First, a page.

How I fell in love with wild and wonderful New Zealand
Suzanne Burns works as a zoologist, wildlife guide and photographer in Dunedin
Yellow-eyed penguins are among the rarest penguins in the world. Photograph: Shaun Templeton
Suzanne Burns at Roaring Bay in The Catlins, South Island, New Zealand.
Dunedin Peninsula at sunset. Photograph: Shaun Templeton
The wind whipped through me and wailed in my ear, heralding the oncoming winter. As I walked through the city, slightly cowed by the wind I noticed an odd sight. Lots of young people, most likely third-level students, were walking around in t-shirts, shorts and flip flops, seemingly oblivious to the bitter cold. I walked past them baffled and slightly bemused and wondered why on earth they would punish their bodies this way?
I moved to New Zealand in 2005 and settled in to life in a picturesque university city called Dunedin on the lower end of the South Island. I chose this as my home as I was easily able to pick up work in my field, as a zoological researcher and later as a wildlife guide. The fact that it was surrounded by golden sandy beaches, prolific wildlife and a vibrant student atmosphere didn’t hurt either. Dunedin prides itself on its excellent university and the fact that it is the sea bird capital of the world.
You can drive 40 minutes from the city and see penguins and albatrosses at the end of the peninsula. When it comes to our feathered friends, there is something to be said for the birds in Dunedin. These albatrosses are huge, 10 feet from wing tip to tip (that is almost two people lying end to end). If you drive up to their nesting grounds at Taiaroa Head on a windy evening, you can watch these enormous avians eclipse the sun as they wheel around in glorious synchronicity.
And then there are the yellow eyed penguins. Not only are they extremely anti-social (they have only eyes for their mate), they are forest dwelling and also one of the world’s rarest penguins. New Zealand has lost so much forest in recent times, which has been a predicament for these birds as they need forest shelter for protection and nesting habitat.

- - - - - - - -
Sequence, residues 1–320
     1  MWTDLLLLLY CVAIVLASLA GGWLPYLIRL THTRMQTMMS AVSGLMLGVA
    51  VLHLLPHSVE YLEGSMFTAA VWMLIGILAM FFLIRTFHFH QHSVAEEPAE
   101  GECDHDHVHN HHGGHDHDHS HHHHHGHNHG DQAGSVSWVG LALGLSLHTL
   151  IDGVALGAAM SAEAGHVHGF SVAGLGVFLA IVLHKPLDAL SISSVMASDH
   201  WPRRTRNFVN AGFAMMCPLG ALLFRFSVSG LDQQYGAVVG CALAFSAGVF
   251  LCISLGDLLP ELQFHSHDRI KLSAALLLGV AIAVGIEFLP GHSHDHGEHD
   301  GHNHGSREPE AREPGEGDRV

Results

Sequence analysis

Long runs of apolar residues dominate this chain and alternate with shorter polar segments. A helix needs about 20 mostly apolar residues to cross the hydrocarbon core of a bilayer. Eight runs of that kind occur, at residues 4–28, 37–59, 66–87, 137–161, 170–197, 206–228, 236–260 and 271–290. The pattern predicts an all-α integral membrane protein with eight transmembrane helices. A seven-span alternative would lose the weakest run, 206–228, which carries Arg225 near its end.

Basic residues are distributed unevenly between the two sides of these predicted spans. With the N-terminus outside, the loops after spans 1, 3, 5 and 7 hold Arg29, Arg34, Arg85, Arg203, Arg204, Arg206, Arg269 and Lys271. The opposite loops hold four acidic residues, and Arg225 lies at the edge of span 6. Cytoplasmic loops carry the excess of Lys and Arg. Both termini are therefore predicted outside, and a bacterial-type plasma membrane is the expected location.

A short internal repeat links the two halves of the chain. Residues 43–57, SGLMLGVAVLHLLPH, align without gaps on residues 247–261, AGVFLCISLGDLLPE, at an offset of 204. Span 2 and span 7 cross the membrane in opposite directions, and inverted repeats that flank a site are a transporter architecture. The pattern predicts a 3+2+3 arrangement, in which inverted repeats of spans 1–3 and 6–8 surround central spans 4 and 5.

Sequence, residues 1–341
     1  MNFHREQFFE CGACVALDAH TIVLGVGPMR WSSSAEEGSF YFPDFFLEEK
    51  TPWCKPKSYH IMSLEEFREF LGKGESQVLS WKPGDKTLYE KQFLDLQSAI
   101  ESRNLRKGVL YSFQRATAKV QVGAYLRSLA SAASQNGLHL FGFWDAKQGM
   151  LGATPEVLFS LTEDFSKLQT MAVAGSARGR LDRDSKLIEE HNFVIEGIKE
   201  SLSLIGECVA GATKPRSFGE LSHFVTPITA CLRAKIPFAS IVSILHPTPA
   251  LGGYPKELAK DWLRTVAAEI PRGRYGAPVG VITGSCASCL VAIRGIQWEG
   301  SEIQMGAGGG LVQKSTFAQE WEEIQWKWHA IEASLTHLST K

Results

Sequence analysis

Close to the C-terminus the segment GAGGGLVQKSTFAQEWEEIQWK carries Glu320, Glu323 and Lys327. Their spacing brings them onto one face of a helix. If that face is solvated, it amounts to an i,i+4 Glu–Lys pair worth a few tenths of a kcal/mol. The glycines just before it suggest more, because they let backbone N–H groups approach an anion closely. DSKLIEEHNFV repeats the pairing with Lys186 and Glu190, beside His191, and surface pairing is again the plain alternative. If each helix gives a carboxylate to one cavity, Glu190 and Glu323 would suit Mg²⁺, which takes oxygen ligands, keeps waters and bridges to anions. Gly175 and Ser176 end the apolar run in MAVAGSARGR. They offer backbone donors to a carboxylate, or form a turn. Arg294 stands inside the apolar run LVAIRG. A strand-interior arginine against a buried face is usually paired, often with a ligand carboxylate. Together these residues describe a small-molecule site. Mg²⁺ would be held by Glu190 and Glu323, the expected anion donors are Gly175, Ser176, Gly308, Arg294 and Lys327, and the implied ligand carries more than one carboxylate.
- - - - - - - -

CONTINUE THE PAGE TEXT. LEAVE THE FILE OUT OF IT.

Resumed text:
The wildlife company I guided for had come to a financial agreement with a local farmer to long term lease a part of the farm. They had spent the past 20 years replanting habitat and trapping and shooting predators that would kill this rare bird.
These penguins live in the same paddocks as the sheep. So when the penguins leave the water in the evening and are walking up the hill back to their nests, they routinely pass their sheep neighbours en route. It never ceases to make me laugh seeing an awkward tuxedo clad penguin jumping up a hill while a sheep watches nervously for the stab of a sharp beak. If you want to get that perfect Easter shot forget about bunnies and chicks, penguins and sheep is where it’s at.
The university students provided a whole other form of wildlife and regular entertainment for all us blow ins. One of the great misconceptions is that New Zealand has decent weather and summer clothes are the norm. North of Auckland this is true, but Dunedin has a very cold climate at times due to the Sub Antarctic influence and the bracing winds that scream through the city intermittently. More confusing is when you see students walking around in this bone chilling weather in their summer attire.
The reason behind this supposedly crazy behaviour has a touch of (possibly misguided) pragmatism to it. Dunedin was settled by predominantly puritanical, tough Scots in the mid 1800s. They burnt and felled large tracts of forest on their arrival, converting much of it into pasture land. They also brought over their own cattle, pets and imported possums from Australia to start a fur trade.
They built basic houses from the wood they felled. Despite the fact that over 100 years have passed, many of these houses have not been improved upon. Most student dwellings have no insulation, double glazing or central heating. The houses get so cold in winter that it is not unusual to wake with a layer of ice on the inner window frame and an ice cream headache to boot. In order to cope with the harsh living conditions, the students try to ”harden up” their bodies to deal with their digs.
A long established tradition and rite of passage for the first year or “Fresher” students involves couch burning. They raid skips for abandoned couches or buy them cheaply from charity shops. The fire brigade is kept very well occupied the first week of university when the students light these couches en masse in their front gardens.
It is these things, and the many more weird, wild and wonderful aspects to living in New Zealand which have made me fall so hopelessly in love with the country.
Suzanne is 40 and originally from Cork. After spending last summer on Vancouver Island in Canada phoographing orcas and humpback whales, an overturned lorry made her miss her flight back to New Zealand in September, so she decided to stay in Ireland for the winter with her 91-year-old father. She writes a blog on whales and dolphins worldwhaletales.com and on Facebook facebook.com/worldwhaletales
For practical information on moving to New Zealand, and other first-person stories from Irish people who have already made the move, check out The Irish Times Destination New Zealand guide.